Slightly later in the de-sugarer we add arguments ticks which correspond to the free variables in scope at the ticked expression. This is done in deSugar/DsUtils.lhs, by the function mkTickBox. If a,b,c are the free variables of a ticked expression E, then the annotation from above is elaborated to:

   case tick<N> a b c of _ -> E

To make the core lint happy, we must conjure up a type for tick<N>. If a::T1, b::T2, c::T3 then the type is:

   tick<N> :: T1 -> T2 -> T3 -> State# RealWorld

We are somewhat selective about where ticks go in the code, and it would be nice if this was documented properly. I will defer this until the code has stablised.

We assume, and indeed require, that each source span has at most one tick associated with it. This was not always upheld in the coverage tool (in the case of if-then-else expressions), so we had to modify the instrumentation a little bit.

For each module we also allocate an array of breakpoint flags, with one entry for each tick in that module. This array is managed by the GHC storage manager, so it can be garbage collected if the module is re-loaded and re-ticked. We retain this array inside the ModDetails data structure, which is defined in main/HscTypes.lhs. In the current implementation the array is stored inside something called ModBreaks, which also stores an associtation list of source spans and ticks. However, the exact implementation of this depends on what we want in the API for the debugger, and it is likely that it will change soon. Also, ModBreaks is in desperate need of a new home. At the moment it is floating around somewhere in the deSugar directory, but that is almost certainly the wrong place for it.

Byte code generation

In the coverage tool the ticks are turned into real code which performs a side effect when evaluated. In the debugger the ticks are purely annotations. They are used to pass information to the byte code generator, which generates special breakpoint instructions for ticked expressions. The ticks themselves are eventually deleted.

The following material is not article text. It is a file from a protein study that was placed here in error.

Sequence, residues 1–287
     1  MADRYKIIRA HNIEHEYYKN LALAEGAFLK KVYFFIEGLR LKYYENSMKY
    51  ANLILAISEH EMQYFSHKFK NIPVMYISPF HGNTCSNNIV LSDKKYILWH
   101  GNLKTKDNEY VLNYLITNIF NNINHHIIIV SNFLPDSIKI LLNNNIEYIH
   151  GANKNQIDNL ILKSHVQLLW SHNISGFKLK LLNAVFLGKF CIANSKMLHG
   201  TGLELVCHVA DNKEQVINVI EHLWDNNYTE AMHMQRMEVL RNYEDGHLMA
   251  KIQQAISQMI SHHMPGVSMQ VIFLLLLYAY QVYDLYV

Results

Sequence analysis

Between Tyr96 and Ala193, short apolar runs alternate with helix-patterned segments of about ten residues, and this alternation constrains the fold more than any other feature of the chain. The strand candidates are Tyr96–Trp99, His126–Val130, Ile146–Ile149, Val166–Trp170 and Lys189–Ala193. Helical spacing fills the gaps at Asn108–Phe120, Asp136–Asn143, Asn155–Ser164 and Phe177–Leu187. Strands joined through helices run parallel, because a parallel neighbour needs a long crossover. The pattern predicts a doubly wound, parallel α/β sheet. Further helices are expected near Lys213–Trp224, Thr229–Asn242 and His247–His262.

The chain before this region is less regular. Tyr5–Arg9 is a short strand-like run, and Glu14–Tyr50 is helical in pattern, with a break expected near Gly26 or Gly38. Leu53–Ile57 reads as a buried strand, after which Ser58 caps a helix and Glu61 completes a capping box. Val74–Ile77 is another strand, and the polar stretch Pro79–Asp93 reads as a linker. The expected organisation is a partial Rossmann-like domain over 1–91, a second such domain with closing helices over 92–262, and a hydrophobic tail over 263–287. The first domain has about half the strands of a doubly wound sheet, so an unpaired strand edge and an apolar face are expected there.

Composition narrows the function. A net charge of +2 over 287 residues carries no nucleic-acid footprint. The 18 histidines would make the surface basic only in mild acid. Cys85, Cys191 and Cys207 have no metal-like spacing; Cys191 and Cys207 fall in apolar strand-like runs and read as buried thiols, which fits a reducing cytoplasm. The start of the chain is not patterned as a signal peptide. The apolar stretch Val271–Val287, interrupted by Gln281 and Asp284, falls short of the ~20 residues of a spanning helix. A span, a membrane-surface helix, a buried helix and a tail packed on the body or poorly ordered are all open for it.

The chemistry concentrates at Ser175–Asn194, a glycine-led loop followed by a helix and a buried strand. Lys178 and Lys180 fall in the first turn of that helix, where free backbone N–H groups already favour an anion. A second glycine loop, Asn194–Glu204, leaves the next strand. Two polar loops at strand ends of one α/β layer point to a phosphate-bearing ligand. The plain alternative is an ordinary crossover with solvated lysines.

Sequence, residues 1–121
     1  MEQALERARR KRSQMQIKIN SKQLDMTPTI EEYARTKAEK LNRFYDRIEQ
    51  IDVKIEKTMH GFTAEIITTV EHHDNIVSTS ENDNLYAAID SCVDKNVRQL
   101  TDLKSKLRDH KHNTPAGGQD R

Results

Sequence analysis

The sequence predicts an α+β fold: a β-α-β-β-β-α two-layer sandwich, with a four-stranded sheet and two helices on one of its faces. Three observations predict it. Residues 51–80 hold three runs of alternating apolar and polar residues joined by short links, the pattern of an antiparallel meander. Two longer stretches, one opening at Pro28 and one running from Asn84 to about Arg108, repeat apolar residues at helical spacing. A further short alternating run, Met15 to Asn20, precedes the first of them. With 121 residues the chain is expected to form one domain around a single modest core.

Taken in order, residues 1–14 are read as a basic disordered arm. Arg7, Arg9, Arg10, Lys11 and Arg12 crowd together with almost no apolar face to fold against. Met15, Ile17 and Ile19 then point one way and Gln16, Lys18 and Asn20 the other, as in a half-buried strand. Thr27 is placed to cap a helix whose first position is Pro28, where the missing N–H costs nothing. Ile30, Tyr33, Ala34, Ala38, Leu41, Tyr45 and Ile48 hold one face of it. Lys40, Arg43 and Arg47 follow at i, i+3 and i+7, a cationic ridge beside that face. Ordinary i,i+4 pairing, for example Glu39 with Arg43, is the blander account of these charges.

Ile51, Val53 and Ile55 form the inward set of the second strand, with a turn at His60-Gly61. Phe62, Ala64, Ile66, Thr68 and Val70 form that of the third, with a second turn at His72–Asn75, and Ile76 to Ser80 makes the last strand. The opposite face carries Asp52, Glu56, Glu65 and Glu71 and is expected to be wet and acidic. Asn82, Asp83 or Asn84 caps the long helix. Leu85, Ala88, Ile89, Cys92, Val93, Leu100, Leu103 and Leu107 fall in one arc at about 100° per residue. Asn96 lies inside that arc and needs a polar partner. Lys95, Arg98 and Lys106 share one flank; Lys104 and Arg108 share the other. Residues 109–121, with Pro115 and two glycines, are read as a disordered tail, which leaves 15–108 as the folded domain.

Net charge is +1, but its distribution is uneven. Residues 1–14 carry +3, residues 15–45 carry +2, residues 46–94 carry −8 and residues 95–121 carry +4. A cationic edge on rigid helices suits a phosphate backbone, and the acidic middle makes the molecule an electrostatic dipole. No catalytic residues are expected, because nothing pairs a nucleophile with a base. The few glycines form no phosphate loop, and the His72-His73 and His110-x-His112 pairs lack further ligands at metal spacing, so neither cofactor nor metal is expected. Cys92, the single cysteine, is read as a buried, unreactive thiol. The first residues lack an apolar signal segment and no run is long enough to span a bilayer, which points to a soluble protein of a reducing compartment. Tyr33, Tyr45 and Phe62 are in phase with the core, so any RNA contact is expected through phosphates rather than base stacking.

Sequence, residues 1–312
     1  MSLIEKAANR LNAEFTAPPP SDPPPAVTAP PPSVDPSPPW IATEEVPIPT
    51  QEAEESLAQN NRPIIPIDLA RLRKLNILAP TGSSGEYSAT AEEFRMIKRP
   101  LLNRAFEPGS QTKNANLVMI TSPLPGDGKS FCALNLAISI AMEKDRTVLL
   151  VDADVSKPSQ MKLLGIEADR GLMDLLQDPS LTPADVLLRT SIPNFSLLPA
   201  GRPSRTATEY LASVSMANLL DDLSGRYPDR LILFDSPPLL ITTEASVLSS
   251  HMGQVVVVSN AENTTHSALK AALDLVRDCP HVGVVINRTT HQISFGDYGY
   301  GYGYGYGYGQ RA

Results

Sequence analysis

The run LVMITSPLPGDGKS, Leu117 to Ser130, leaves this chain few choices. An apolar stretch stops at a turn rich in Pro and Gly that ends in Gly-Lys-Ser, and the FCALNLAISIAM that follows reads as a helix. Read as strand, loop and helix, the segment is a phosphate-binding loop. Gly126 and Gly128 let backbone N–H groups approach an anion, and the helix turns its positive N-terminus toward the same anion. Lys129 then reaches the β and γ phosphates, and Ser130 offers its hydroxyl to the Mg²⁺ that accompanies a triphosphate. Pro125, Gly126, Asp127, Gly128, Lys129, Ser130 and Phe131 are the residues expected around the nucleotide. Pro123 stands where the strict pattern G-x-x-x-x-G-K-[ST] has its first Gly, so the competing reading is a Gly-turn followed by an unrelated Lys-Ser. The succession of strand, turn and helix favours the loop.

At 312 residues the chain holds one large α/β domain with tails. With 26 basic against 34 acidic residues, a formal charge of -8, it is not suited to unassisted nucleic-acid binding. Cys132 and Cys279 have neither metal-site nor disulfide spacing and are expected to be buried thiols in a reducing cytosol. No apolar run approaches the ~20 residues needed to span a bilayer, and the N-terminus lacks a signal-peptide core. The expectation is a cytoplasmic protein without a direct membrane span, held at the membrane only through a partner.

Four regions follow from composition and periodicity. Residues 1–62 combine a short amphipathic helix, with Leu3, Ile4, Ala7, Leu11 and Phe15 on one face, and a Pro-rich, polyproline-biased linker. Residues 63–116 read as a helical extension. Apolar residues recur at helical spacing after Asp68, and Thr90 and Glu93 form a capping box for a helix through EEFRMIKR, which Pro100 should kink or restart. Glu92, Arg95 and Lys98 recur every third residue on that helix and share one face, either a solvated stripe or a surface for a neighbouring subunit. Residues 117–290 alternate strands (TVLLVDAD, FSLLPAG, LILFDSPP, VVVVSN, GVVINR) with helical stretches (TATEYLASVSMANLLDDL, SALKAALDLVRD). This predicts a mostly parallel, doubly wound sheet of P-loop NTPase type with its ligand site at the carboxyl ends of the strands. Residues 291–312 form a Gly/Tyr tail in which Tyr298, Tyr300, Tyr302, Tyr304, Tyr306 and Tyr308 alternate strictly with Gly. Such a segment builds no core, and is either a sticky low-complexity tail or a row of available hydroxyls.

The byte code generator turns GHC Core into a bunch of Byte Code Objects (BCOs). BCOs are heap objects which correspond to top-level bindings, and let and case expressions. Each BCO contains a sequence of byte code instructions (BCIs), which are executed by the byte code interpreter (rts/Interpreter.c). Each BCO also contains some local data which is needed in the instructions.

Given a ticked expression of the form:

    case tick<N> a b c of _ -> E

we translate it into:

   let freshVar = E in E

(Note: if the ticked expression was already let-bound we do not do this step, since it would be pointless.) The idea is that the let expression will be turned into a BCO. We annotate the BCO with information about the tick, such as its free variables, their offsets in the stack, and the tick number. We also store a pointer in the BCO to a breakpoint array for this particular module (which was introduced by the coverage transformation, see above), and an offset into that array. The offset corresponds to the tick number. The entries of the array are (currently) boolean flags which, at runtime, determine whether we should stop at the breakpoint or not.

The BCIs for this BCO are generated as usual, and we prefix a new special breakpoint instruction on the front. Thus, when the BCO is evaluated, the first thing it will do is interpret the breakpoint instruction, and hence decide whether to break or not.